• Application of topical anesthetic cream for two hours (7% tetracaine/7% lidocaine). (Use of Pliaglis (Galderma) topical anesthetic cream appeared to achieve better anesthesia and is easier to remove, since it hardens to a thin film.)
  • Blood draw for platelet rich plasma (PRP) centrifugation.
  • Administration of oral sedation and analgesic medications (hydrocodone 5-10 mg and lorazepam 1-2 mg) 30 minutes prior to treatment.
  • Topical anesthesia is removed.
  • Trigeminal sensory nerve blocks are performed. 1-2 cc of local anesthesia is injected into each nerve (supra-trochlear, supra-orbital, zygomatico-facial, zygomatico-temporal, infra-orbital, anterior superior alveolar and mental nerves bilaterally). Local anesthetic (10 cc) is composed of 4 cc 1% lidocaine with epinephrine, 5 cc 0.25% bupivacaine with epinephrine and 1 cc of 8.4% sodium bicarbonate.
  • CO2 laser settings decided. This is the most important aspect to optimize treatment outcome. Per physician experience with the specific type of CO2 laser, the maximum energy settings are chosen given the underlying skin pathology (wrinkle severity/acne scarring) and Fitzpatrick skin classification. Laser energy levels are lower in darker skin patients to minimize risk of hyperpigmentation. Laser energy levels are higher in severe wrinkle or acne scarring patients to optimize outcomes.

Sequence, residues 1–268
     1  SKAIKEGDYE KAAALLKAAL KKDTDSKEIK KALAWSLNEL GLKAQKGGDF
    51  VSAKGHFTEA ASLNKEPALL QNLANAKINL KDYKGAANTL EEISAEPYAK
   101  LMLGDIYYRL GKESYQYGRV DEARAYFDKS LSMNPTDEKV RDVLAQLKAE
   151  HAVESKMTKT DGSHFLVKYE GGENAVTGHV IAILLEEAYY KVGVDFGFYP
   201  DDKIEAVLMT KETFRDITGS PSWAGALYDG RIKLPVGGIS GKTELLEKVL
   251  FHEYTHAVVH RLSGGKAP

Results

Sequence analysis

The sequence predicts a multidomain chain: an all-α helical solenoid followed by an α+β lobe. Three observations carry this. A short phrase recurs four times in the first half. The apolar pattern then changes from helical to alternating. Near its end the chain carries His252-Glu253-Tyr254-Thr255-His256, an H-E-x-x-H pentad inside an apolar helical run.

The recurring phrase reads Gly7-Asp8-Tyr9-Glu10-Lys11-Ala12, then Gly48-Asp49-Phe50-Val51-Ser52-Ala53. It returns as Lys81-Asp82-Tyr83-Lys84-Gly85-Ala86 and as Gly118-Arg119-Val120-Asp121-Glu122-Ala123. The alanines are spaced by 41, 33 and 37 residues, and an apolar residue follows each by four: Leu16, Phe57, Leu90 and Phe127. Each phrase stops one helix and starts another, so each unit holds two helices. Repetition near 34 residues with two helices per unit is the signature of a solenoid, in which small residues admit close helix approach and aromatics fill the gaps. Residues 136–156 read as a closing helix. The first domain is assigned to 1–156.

Immediate Posttreatment

  • Apply iced moist cold towels (towels soaked in water and placed in freezer for about ten minutes) topically for about five minutes.
  • PRP (6-7 cc) is mixed with 2 cc of calcium gluconate for activation (not required if injecting).
  • Topical PRP is placed on the treated area and massaged into the skin.
  • Moisturizer is placed topically.
  • Patient is discharged home.

Posttreatment Skin Care Regimen

  • Acyclovir 800 mg twice daily for eight days posttreatment
  • Sun avoidance (as much as possible)

DAY 1 to 3

  • Gentle skin cleanser: Use twice daily.
  • Alastin Skin Nectar
  • Alastin Occlusive Moisturizer (Vaseline or Aquaphor alternatives)

DAY 4 to 14

  • Gentle skin cleanser: Use twice daily.
  • Alastin Skin Nectar
  • Alastin Moisturizer (non-occlusive moisturizer alternatives)
  • Alastin Broad Spectrum Sunscreen (SPF 30+ sunscreen alternative)

Day 14 to 6 weeks

  • Human Stem Cell cytokine cream (Stemulation or Regenica, Suneva Medical), if chosen by patient in the treatment regimen. Cost sometimes limits addition.
  • Alastin Moisturizer (non-occlusive moisturizer alternatives)
  • Alastin Broad Spectrum Sunscreen (SPF 30+ sunscreen alternative)

Weeks 3 to 8

  • If observed hyperpigmentation occurs (most common time to observe start of hyperpigmentation) or for at-risk patients Fitzpatrick type III, IV or V), add IS Clinical White Lightening cream [Innovative Skin Care] at night to resolve or prevent hyperpigmentation.

Disclosure: Dr. Troell has relevant financial relationships with Venus Concept, Eclipse Aesthetics and Sound Surgical Technologies (Valeant). He’s on the speakers’ bureau for Alastin Skincare.